Corky Siegel (with harmonica), William Russo and Seiji Ozawa preparing for a rehearsal with the Chicago Symphony at Ravina, July 1968.
Dave Noble
Turns out the guy was famed Japanese conductor Seiji Ozawa, guest conductor of the Chicago Symphony at the time, and he wanted to merge blues and classical. Before long, they got the ball rolling, meeting at Big John’s with composer William Russo. Siegel had the idea for a piece that Charles Ives wrote for two marching bands that played at the same time, but in different keys and different tempos.

Siegel says he wanted to have the Siegel-Schwall Band play a blues ostinato (a repeated phrase) and have the symphony play classical music over that.

“And then we’ll have the symphony do a classical ostinato, and we’ll plays blues improvisations over that,” Siegel remembers thinking. “Already there’s three ideas. And then you can take all the multiples of those and all the variants. I said the one thing that we have to do is, we have to make sure we’re writing music for everyone to not like. And they loved it. They totally loved it.”

Following the success of the collaboration, the band received invitations to perform with symphonies all around the world, including four concerts with the New York Philharmonic at Lincoln Center.

“We get on stage and the audience sees that we’re hippies,” Siegel recalls. “Long hair. Amplifiers on stage. This was 1969, the middle of the establishment against hippies. The audience just started booing and hissing, and they weren’t going to stop. Seiji comes over and says, ‘What should we do?’ and I said, ‘Well, let’s just play music. The music will take care of it.’ He knew that. He was just being a mentor to me. He knew that what we had to do was play the music. It had never happened to him before.”

Siegel says once they started playing, the audience calmed down, and once the performance was over, the audience went nuts.

“The president of the symphony association said it was the longest and most intense standing ovation he had ever heard in Lincoln Center,” Siegel says. “He said the only thing that ever compared to it was the performance at Carnegie Hall with Caruso.”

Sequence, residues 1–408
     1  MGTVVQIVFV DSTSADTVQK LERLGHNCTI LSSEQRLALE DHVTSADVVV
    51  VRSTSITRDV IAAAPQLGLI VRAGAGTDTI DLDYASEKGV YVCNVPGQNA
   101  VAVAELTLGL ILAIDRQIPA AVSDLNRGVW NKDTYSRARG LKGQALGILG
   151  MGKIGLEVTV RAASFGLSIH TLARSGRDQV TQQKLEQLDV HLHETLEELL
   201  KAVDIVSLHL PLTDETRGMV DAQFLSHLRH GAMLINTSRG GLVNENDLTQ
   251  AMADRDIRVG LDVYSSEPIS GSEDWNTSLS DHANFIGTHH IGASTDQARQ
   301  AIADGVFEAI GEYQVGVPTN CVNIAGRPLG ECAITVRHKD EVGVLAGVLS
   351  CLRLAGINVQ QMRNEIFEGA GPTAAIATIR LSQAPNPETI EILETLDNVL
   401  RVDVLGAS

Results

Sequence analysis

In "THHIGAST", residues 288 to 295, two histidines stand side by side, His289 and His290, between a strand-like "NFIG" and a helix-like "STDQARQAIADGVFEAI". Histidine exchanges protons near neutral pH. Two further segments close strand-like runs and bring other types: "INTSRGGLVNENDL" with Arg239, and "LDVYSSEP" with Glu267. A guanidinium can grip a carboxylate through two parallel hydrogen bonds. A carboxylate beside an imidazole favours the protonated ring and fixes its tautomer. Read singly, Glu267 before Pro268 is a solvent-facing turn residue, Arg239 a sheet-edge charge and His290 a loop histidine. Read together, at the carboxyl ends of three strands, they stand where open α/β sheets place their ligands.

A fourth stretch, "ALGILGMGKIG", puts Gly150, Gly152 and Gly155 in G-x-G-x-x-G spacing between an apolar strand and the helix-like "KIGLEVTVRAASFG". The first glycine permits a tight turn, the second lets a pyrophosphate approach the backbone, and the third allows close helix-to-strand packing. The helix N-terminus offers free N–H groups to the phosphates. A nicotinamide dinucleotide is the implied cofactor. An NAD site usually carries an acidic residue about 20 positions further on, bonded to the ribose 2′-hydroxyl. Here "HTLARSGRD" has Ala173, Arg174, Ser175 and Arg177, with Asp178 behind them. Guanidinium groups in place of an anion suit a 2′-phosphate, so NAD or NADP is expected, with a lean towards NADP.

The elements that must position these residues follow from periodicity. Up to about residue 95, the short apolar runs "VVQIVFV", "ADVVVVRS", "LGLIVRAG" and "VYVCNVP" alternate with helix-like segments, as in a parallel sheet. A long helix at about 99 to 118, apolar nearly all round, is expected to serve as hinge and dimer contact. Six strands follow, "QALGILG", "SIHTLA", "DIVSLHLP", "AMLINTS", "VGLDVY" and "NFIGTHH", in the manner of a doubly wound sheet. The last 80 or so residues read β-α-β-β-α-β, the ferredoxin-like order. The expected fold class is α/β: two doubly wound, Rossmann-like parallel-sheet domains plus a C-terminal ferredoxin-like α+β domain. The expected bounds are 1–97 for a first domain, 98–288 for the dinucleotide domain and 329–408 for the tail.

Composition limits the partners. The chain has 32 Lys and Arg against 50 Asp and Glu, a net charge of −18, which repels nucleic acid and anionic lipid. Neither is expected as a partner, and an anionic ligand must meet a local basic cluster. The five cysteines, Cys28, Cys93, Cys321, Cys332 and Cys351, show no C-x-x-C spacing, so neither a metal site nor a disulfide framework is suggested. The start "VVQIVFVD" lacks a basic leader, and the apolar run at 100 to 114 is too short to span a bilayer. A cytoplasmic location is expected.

The concert showed Siegel how powerful music could be, and that it could bring people with different political views together.

“I thought, I’ve got to keep doing this,” he says. “What we were doing, first of all, was exposing the blues in those days to audiences who would have never had any interest in it. And all of a sudden, they want to know about Howlin’ Wolf and Muddy Waters and B.B. King and all those people.”

Since then, Siegel has released a number of records with the band while also putting out albums under his own name, as well as with his Chamber Blues project, including the ensemble’s most recent, Different Voices.

For Saturday’s performance with Sabien, who founded Berklee College of Music’s Jazz Strings program, Siegel says to expect plenty of spontaneity.

“We’ve done this so many times before,” Siegel says of performing with Sabien. “And we know that the spontaneity is going to take us to some really amazing places. But as much as the audience is going to be surprised over and over during the performance, Randy and I will also be surprised. Everyone will sort of experience that together.”

Corky Siegel and Randy Sabien play at 8 p.m., Saturday, February 1, at Swallow Hill Music, 71 East Yale Avenue. Tickets are $24-$26 and available at Eventbrite.
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Jon Solomon writes about music and nightlife for Westword, where he's been the Clubs Editor since 2006.
Contact: Jon Solomon